- Steep learning curve for adopting teams: Tool to build in expert knowledge to help the team get started
- Models are ignored: Integration with other lifecycle tools is key
Initial high level plan:
Milestone 1: Alpha release - Basic threat modelling experience
- Architecture review of the existing prototype with refinement/change where required - complete: Confirmed JointJs works fine, Storage model changed and addition of Electon based desktop variant. Nools rule engine (no longer supported) replaced by json-rules-engine. Shifted from Grunt/Bower to NPM/Browserify
- Secure design review and implementation of findings
- Development of tests (unit and manual) - complete: Codecov report
- Draft end user documentation - complete: GitHub pages
- “Publicity drive” to sign up alpha/beta users and generate feedback Some progress on this. The desktop app has had 13k downloads - unclear how many people are actually using it. The GH repo for the desktop version has 79 stars. The web version gets about 94 unique visitors per day on average and the GH repo has 229 stars.
Milestone 2: Beta release - Threat/mitigation rule engine
- Refinement of UX based on feedback from the alpha release
- (Some) feature enhancements based on feedback from the alpha release Implemented some feature requests (e.g. snap-to-grid) and fixed issues reports (e.g. save bugs) by users
- Implementation of a rule engine for generation of threats/mitigations
- Updated tests and end-user documentation
Milestone 3: Release 1
- Key refinements, bug fixes and new features based on feedback from the beta release
- Complete end user documentation
- Penetration test
Milestone 4 - Dev lifecycle integration
- Detailed scope to be defined, but in general the vision is to support hooks into issue tracking and requirements management tool so that threats/mitigations can be tracked through to implementation and test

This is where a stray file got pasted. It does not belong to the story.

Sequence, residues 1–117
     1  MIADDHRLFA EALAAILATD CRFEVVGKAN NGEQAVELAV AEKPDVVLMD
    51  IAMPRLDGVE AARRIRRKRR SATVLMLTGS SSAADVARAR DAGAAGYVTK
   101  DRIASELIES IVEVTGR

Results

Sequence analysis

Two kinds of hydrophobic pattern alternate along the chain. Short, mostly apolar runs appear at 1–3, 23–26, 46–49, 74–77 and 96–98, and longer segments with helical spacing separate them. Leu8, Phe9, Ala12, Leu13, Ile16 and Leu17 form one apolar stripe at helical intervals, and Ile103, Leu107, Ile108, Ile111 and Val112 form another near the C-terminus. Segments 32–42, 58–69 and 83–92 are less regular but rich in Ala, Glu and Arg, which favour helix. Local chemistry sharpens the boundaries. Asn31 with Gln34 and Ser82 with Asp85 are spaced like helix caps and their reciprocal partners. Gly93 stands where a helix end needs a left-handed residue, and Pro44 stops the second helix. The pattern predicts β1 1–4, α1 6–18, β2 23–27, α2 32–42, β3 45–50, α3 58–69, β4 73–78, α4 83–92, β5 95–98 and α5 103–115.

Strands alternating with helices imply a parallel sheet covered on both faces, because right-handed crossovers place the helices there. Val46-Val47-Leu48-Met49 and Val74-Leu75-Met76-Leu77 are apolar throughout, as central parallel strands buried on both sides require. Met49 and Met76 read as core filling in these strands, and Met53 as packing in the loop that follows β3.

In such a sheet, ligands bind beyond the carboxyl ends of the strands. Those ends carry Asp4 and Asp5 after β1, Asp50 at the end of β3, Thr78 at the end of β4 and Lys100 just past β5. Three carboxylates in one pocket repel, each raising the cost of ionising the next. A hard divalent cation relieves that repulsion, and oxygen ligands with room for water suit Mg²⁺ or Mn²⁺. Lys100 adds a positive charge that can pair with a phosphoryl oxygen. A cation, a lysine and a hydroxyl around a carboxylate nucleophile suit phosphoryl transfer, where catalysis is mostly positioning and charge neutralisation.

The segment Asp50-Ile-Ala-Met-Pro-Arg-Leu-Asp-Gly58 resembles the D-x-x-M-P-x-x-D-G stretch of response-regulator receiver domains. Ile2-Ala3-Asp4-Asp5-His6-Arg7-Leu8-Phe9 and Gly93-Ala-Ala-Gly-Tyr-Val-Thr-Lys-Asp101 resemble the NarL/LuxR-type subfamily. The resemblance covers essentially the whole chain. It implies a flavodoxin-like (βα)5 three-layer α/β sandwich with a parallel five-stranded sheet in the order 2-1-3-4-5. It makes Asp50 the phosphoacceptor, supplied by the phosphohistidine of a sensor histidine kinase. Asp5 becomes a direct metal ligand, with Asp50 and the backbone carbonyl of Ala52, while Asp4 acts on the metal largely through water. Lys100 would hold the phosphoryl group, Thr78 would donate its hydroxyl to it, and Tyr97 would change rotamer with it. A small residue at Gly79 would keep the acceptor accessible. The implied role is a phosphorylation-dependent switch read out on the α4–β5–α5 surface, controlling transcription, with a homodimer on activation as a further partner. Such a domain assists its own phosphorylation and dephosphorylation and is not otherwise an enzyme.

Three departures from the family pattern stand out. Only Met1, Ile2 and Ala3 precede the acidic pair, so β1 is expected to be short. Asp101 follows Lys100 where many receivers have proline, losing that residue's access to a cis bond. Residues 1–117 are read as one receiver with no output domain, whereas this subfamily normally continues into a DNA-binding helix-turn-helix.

This is hard to estimate as it could change a lot if there were other developers involved. Based on my current velocity with just me, I would say release 1 could be complete in 1 year (optimistically).
Following an architecture review the following key changes were made:
- A new Electron based, installable desktop variant was introduced using the local file system for model storage
- The web variant was changed to use GitHub for model storage - other source control systems will follow (e.g. BitBucket)
- Seperation of common code into a new NPM package, shared between the web and desktop variants
- The Nools rule engine will be replaced since it is no longer maintained
- Getting enough usage of the alpha and beta to get the UX and rule engine right
- Finding a sustainable way to host it, especially to support deeper GitHub/BitBucket/Etc. integration
Minimum Viable Product
- Application source code for a threat modeling tool
- End user documentation for the tool
- An online hosted version of the tool
- An installable, cross-platform desktop version of the tool
|v1.3.1||26 Oct 2020||Web app
|update documentation link to point to new docs page|
|v1.3||3 Sep 2020||Web app
|support for LINDDUN and CIA as well as STRIDE
and desktop command line interface
|v1.2||14 April 2020||Web app
|description for diagram elements
label applied to boundaries
save button always enabled
zoom functionality disabled
hot key copy and paste for diagram elements
|v1.1||15 Mar 2020||Web app||Duplicate element/diagram feature|
|v1.1||10 Mar 2020||Desktop||Bug fix for blank screen on new model,
and duplicate element/diagram feature
|v1.0||22 Feb 2020||Desktop||First full release for Windows, MacOS and Linux|
|v0.1.27-alpha||28 Jul 2019||Desktop||Windows only|
|v0.1.26||16 May 2017||Desktop||MacOS and Windows only|
|0.3.0||14 Mar 2017||Web app|
|v0.1.1-alpha||14 Mar 2016||Web app|